Why can’t capitalism and underground scenes work productively together?

It is a depressing trope: but a marriage of capitalist ideas and underground ideologies is one that is often doomed to failure. Despite the best intentions, often from both sides, everyday commercial activities eventually kill the very thing they seek to support.

The normal understanding of the term ‘capitalism’ is a wide one, covering almost all forms of commercial activity. The broad nature of the term offers some hope. Are there, outside of the hidebound notion of the relentless pursuit of profit, areas that allow insight or cooperation? Can we glimpse of the nature of capitalism through discussion? Or do we have to live it, in order to get a grasp? One thing is certain: underground artists have a lot of faith in their community. Creativity is often driven by the imagination, rather than production, and process and transcendence rather than a fixed identity.

Underlying discussion:

What is ‘underground’? The underground scene may often communicate typical associative thinking about political statements, freedom of imagination, sincerity, and artistic identity. Instead of changing systems of commercial exploitation, underground scenes create an alternative reality, a counter movement to the mainstream. But the aversion towards the mainstream has a rather paradoxical side-effect; an interdependence of the underground scene with the mainstream mass culture. Because without mainstream, there won’t be a counterculture. So how are the underground and mainstream worlds interconnected? How does this dependence play out? Can rich sounds, forward-thinking music lovers and DIY activities heavily rooted in local communities survive outside of their own backyards?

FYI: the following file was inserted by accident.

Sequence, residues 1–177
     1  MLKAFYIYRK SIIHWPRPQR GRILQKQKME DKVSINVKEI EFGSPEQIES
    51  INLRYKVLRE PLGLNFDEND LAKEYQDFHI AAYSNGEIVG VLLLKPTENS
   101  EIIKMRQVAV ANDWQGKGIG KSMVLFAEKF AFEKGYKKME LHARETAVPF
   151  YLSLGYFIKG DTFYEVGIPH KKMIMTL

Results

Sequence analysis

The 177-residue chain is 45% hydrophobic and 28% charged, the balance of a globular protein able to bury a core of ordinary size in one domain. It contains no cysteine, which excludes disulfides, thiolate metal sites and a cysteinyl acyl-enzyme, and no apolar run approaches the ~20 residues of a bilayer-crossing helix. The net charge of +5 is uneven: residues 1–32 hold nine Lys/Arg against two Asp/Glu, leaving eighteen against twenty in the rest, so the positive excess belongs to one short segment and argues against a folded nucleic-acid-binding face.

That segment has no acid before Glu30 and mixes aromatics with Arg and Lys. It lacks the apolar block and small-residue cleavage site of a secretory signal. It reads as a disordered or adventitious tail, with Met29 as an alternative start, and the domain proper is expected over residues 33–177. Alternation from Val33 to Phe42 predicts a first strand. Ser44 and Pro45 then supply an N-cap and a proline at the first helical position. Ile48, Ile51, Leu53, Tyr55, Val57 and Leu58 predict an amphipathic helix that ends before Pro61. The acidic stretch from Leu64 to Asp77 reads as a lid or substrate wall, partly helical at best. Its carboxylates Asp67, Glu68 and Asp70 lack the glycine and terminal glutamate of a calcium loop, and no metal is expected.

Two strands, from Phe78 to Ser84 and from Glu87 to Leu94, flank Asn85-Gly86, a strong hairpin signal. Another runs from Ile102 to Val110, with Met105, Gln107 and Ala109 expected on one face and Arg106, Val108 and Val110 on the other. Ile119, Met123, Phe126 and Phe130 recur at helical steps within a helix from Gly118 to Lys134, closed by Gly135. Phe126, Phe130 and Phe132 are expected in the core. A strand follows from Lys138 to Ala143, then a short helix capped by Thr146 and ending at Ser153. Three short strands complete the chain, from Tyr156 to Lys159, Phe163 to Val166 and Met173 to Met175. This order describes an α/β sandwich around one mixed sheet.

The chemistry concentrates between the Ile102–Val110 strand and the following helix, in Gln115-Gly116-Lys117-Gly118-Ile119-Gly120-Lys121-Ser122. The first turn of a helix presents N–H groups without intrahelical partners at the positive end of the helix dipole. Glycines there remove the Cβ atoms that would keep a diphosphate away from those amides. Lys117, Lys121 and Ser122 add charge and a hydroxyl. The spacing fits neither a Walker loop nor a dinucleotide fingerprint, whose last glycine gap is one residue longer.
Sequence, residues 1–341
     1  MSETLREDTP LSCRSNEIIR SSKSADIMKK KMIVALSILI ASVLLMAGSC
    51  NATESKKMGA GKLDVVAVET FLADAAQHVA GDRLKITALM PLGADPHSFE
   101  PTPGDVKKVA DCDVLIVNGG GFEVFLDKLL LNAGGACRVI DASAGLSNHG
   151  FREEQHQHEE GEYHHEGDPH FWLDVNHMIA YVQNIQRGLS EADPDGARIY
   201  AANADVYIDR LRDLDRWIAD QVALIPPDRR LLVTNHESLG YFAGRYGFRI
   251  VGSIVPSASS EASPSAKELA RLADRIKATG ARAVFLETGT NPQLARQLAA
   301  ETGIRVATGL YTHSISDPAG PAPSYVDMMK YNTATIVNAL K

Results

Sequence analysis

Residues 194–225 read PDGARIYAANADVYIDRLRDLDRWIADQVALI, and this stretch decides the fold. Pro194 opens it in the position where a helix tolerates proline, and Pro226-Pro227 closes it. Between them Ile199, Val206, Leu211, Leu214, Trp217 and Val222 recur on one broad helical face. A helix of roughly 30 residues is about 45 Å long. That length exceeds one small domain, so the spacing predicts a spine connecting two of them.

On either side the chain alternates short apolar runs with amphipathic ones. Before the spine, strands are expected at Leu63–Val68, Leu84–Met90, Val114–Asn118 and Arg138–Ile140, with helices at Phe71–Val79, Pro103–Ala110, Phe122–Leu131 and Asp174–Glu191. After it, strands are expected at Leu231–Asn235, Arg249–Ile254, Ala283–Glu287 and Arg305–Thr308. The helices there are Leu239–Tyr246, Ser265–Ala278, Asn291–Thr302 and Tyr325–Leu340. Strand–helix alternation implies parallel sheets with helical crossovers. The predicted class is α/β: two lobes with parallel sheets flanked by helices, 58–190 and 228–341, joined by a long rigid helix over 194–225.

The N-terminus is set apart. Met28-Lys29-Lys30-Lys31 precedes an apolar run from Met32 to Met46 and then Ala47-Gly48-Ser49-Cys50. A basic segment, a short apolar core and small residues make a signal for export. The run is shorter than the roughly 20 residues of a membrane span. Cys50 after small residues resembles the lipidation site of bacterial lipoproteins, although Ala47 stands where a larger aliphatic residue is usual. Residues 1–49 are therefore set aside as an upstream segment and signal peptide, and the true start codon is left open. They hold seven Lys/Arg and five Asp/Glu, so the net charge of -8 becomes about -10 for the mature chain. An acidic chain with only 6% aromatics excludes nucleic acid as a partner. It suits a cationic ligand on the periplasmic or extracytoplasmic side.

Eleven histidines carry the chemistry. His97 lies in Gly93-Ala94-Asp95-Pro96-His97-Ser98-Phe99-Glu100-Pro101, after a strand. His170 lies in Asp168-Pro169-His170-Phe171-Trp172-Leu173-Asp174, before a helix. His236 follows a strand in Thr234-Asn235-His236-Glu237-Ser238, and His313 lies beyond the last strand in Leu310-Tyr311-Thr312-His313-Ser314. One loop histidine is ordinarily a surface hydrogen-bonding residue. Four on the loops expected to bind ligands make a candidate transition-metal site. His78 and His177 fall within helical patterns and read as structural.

Theo Ploeg will give a historical perspective on modern underground movements and argue that there is a new kind of underground culture emerging, that is not against but simply ignoring the mainstream.

Lula Valletta and Leonor Faber-Jonker collaborate on against-the-grain zines in limited, riso-printed editions. During this meetup they will present their Underground Manifesto. A visceral homage to the misfit, the punk, and the outcast, the Dadaist and the Dandy, the Manifesto lays out the rules of no-rules, sifting through the dirt of the underground, rooting for worms, and throwing uppercuts.


Leonor Faber-Jonker is an author, researcher and visual artist. Her work is characterized by a fascination for the relationships between materiality, memory and meaning. Leonor has published on, among other things, the counterculture of the 1980s, the Rotterdam underground and (African) colonial history. She was previously active as a DIY concert organizer, among other things. Leonor Faber-Jonker lives and works in Rotterdam.

Lula Valletta is a cut-up and art-book-bibliophile. Being a freelance artists and curator, desperate of being born about 75 years too late, she tries to pick up where the hobbyhorses of the avant-garde left of; rejecting logic, reason and aestheticism of modern capitalist society, instead expressing nonsense, irrationality and anti-bourgeoise protest. ‘Life is a cut-up’. These wise words by William Burroughs, are her mantra that she tends to live by, armed with scissors and glue.

Theo Ploeg investigates the theory and praxis of living in an accelerating world at Studio Hyperspace. He is ambassador of speculative design at Digital Society School , and co-founder of FRNKFRT. Theo researches, writes and teaches; he finds beauty in the troublesome and tense times that the 21th century poses and has made it his mission to let everybody know.